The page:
New police commissioners defy council tax freeze appeal

Police officers on the beat
Image caption The public like to see police officers on the beat but they have to be funded

They've been in office for less than three months but the new police and crime commissioners are already having to make a big decision.

Should they look to raise council tax to bring in extra funds, or should they listen to the government and freeze the charge?

There seems to be little agreement amongst the UK's 41 commissioners.

While some will offer freezes, others are putting up the charge by up to 7%.

In all around two-thirds may end up asking the public to pay more.

Causing consternation

There's little pattern politically with commissioners of all parties on different sides.

But in some areas those rises are causing consternation.

Northumbria's Labour commissioner Vera Baird has gone for a 3.5% increase in her force's council tax bill.

But she's been given a rough ride by both political opponents and allies.

Her budget is scrutinised by a Police and Crime panel made up partly of local council leaders.

Many of those have made sacrifices and savings to try and deliver a council tax freeze to their residents.

But now of course all people in the force area will pay more from April because of Vera Baird's decision.

She faced some tough questions when she met them, with some refusing to support the rise.

And Liberal Democrat Newcastle councillor David Faulkner believes the commissioner should have offered a freeze.

He said: "I appreciate the difficulty of anyone having to deal with budget reductions.

"But when the Chief Constable came to the city council a few months ago, she said she'd protect the front line but she didn't say council tax would have to go up to achieve that.

"Bearing in mind there is a government grant available to anyone who freezes the charge, the net figure the commissioner would have had to find for savings is £700,000 out of a budget of £300 million.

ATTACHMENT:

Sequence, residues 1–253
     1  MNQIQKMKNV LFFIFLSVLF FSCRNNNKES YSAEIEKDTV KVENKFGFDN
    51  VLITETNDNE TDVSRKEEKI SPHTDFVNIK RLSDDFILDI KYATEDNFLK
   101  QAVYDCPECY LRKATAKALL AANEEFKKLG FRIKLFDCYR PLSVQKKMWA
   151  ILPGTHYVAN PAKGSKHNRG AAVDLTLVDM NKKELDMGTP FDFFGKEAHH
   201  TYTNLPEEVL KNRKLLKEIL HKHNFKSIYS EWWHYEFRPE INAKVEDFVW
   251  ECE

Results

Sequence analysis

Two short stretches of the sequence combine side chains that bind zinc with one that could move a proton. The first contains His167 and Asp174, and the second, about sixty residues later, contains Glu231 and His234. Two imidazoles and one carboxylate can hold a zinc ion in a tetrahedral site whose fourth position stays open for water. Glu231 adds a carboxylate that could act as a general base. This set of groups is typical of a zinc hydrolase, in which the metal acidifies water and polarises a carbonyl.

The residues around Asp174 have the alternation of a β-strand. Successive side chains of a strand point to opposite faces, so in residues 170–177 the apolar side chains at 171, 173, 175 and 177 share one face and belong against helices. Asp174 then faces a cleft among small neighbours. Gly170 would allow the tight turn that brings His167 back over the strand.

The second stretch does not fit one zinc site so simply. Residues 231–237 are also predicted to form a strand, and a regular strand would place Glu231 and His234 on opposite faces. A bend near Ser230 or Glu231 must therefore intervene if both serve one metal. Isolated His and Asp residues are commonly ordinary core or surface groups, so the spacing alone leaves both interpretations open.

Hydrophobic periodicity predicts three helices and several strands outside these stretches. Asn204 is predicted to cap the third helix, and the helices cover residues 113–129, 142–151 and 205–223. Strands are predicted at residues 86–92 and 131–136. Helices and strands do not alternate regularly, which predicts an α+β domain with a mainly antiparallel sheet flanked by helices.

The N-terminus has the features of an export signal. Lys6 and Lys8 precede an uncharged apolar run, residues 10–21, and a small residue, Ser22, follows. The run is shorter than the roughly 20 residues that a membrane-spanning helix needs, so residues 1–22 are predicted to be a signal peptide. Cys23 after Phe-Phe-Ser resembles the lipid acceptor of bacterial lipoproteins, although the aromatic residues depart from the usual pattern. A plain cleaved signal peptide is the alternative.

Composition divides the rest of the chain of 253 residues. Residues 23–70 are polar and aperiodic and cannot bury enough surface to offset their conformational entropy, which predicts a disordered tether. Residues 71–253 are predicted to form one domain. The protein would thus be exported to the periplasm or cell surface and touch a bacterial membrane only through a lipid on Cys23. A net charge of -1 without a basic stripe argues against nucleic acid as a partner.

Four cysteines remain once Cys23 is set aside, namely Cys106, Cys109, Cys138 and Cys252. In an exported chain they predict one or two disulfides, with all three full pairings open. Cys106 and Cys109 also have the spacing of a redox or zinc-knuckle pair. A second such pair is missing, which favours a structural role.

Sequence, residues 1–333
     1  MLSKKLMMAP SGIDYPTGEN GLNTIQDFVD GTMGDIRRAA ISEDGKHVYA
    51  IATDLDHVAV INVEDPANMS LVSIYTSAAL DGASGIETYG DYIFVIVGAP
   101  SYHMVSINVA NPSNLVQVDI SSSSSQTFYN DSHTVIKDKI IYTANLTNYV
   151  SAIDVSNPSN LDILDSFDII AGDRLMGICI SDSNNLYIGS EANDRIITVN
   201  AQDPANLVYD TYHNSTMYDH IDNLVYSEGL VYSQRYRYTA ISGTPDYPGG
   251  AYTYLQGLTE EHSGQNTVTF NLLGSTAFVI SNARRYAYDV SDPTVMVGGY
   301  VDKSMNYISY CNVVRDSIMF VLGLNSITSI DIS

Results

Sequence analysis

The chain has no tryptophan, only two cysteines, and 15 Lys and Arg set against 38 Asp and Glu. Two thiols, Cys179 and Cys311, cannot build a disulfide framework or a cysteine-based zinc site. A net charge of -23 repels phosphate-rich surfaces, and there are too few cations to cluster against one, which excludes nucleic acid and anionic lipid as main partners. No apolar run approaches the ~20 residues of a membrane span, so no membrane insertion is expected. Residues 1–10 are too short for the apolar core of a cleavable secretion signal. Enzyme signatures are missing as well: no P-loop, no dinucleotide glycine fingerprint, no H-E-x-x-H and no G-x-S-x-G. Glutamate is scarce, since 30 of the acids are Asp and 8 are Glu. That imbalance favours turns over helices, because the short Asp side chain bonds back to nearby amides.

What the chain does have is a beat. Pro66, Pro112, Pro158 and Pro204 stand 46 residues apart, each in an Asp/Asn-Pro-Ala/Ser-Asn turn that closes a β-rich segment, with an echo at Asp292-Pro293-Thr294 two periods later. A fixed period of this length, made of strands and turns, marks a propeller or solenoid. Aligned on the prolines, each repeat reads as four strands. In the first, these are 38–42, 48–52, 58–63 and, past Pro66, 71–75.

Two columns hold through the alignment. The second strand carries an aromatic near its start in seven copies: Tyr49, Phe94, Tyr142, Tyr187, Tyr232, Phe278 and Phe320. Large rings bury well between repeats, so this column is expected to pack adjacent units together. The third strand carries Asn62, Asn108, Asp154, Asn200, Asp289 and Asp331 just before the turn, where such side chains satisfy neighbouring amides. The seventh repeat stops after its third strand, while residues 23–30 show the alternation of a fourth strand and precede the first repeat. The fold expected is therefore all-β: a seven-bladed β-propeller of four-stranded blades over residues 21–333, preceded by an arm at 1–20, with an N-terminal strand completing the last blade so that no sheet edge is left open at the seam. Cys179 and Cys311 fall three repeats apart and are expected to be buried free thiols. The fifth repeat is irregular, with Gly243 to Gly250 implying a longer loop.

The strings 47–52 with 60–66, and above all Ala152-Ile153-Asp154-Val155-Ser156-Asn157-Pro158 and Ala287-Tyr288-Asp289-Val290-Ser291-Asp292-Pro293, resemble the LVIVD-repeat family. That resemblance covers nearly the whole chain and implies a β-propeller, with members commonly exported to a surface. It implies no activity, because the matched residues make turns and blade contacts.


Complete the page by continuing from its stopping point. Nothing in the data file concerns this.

"I think that's achievable."

Inflationary rise

The rise will though go ahead, but Vera Baird believes it is the right option.

The 3.5% might sound inflationary but Northumbria's police charge is the lowest in England.

Image caption The government says commissioners are morally obliged to deliver a council tax freeze

The rise will cost a Band D property owner an extra £2.93 next year - less than 6p per week.

It'll raise £1 million and pay for 50 officers.

Vera Baird says she has cut her own office costs, and so the extra funds will be some compensation for the 20% budget cuts the force has had to implement.

She said: "The Chief Constable has made it very clear that she is almost at breaking point because she has had to make such cuts and she has promised to protect the front-line.

"This is a small amount of money which when collected together will pay for 50 bobbies.

"We have just done a survey and 82% of those who responded said they would pay up to 10p a week more to fund these bobbies so we feel this is comfortably within what people can tolerate."

Public approval

But what might have wound up local council leaders is that if she had been one of them, Vera Baird would have been forced to hold a referendum on the 3.5% rise.

A quirk in the rules though means that forces with a relatively low council tax charge can raise it by up to £5 on a Band D property without asking for public approval.

Neighbouring forces though have had to keep the increase below 2% to avoid a referendum.

Cleveland, Cumbria and Durham's commissioners have all gone for 2% or less.

But because their tax charges are historically higher than Northumbria's, their cash demands will actually go up by more.

In Durham, a Band D householder will pay an extra £3.07.

In Cumbria, the extra bill adds £3.87 a year, and in Cleveland, it's £3.89.

All of the commissioners say the rise will help keep more officers on the beat.

Morally obliged

But the decision is unlikely to go down well with the government.

Communities secretary Eric Pickles says councils and commissioners are morally obliged to deliver a freeze and he says grants are on offer to any who hold the charge at 2012 levels.

But that grant is only equivalent to about a 1% council tax rise and only lasts a year, so many forces will recoup more money by refusing the government aid and charging local taxpayers extra.

Even those asking for more money are unlikely to be able to increase the number of officers.

The cuts in government funding still in the pipeline far outstrip any extra revenue from council tax receipts.

But the coalition can draw comfort from the fact that crime is still falling despite those cuts.

And it seems likely that next year the government will get even tougher with councils and commissioners who ask for more tax.

This then may be the last hurrah for those looking to extract more money from council taxpayers.

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